‘An Investigation of the Infant Cerebrodual Venous System in Relation to the Source of Subdural Haemorrhage in Paediatric Head Injury’
thesisposted on 2017-01-20, 10:37 authored by Emma C. Cheshire
A common finding in babies who suffer a head injury is subdural haemorrhage (SDH). When an infant presents with SDH, alongside other signs of injury (e.g. retinal haemorrhages, encephalopathy, bone fractures and bruising), the majority of relevant medical professionals would be concerned that the baby could have been subjected to abusive head trauma (AHT). However, the events that lead to a SDH and the source of bleeding have been debated. The most widely assumed source of bleeding is the rupture of bridging veins which extend from the surface of the brain to the dural membrane. There is limited knowledge in the current literature of the infant’s cerebrodural venous system. Autopsy observations at the beginning of this project have subjectively indicated that infant bridging veins are relatively small and delicate. The aim of this project was to attempt to overcome some of the practical and organisational difficulties related to research in the area of paediatric head injury, and to fill the identified gap in the current medical literature. A novel approach to the post-mortem removal of the infant calvarial bones was developed. This made it possible to document and anatomically map the locations, size and numbers of these vessels and also enhanced the ability to observe pathological features of head injury, free from post-mortem artefact. Optical clearing techniques were used alongside optical coherence tomography to image the dural membrane and within the dural venous sinuses. Infant bridging veins were found to be more numerous than previously described, and in locations which have not previously been reported. A proportion of bridging veins were also relatively small and delicate (˂ 0.3mm). These findings may be important in building a more accurate picture of the mechanisms and forces that result in SDH. The new techniques described in this thesis have expanded the scope for future autopsy-based research into AHT.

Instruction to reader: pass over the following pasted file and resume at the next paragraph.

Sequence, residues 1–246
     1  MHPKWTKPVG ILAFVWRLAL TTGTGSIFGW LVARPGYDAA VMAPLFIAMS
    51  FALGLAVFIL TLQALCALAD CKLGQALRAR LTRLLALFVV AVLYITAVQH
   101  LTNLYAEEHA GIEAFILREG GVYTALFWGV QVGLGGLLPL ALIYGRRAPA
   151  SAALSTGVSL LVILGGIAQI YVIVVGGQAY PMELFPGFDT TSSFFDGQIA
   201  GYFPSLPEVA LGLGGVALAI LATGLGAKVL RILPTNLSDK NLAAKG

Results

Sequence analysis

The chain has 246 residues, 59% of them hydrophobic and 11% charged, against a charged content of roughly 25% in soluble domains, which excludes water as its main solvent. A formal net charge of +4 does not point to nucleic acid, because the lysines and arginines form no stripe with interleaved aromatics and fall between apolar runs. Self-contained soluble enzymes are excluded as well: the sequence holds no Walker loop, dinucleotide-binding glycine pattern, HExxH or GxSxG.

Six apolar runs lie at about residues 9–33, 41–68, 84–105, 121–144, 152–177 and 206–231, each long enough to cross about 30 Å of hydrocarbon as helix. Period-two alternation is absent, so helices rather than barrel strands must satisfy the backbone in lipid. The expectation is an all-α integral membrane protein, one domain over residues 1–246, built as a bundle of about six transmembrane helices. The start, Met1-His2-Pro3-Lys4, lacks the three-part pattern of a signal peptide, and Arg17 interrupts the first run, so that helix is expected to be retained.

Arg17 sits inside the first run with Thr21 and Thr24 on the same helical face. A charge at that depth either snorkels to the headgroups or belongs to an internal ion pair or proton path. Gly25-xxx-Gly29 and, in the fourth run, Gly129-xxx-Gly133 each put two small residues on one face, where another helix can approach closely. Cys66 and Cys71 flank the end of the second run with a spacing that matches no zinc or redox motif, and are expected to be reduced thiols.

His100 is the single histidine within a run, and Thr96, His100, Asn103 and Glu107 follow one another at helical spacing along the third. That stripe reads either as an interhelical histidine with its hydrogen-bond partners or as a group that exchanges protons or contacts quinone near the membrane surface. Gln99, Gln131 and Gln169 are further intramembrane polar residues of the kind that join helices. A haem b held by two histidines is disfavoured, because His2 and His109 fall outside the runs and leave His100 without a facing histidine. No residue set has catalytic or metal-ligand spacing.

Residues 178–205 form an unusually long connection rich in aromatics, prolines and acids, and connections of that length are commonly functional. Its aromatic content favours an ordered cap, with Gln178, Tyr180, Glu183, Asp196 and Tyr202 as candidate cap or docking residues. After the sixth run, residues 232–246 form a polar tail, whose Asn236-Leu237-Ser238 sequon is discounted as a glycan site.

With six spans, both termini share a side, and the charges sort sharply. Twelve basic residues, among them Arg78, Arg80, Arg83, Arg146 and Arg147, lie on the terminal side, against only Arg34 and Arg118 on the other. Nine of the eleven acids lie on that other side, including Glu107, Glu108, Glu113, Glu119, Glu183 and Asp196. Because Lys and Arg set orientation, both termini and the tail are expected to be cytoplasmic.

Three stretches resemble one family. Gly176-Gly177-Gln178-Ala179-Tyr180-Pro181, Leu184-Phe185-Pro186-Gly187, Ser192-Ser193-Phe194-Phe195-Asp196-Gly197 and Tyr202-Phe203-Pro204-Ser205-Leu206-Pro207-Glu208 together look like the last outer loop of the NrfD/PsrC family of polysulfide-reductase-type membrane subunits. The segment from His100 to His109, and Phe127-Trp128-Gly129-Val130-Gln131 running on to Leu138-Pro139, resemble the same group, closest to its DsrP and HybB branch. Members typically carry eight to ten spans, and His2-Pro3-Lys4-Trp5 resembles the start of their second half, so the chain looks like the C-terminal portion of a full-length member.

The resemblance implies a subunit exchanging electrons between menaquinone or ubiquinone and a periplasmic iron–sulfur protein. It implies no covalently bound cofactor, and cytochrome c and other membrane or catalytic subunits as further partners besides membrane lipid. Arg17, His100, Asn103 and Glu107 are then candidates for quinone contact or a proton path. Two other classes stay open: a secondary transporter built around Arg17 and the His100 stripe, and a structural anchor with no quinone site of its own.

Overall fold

Date of award2016-06-30
Author affiliationDepartment of Cancer Studies & Molecular Medicine
Awarding institutionUniversity of Leicester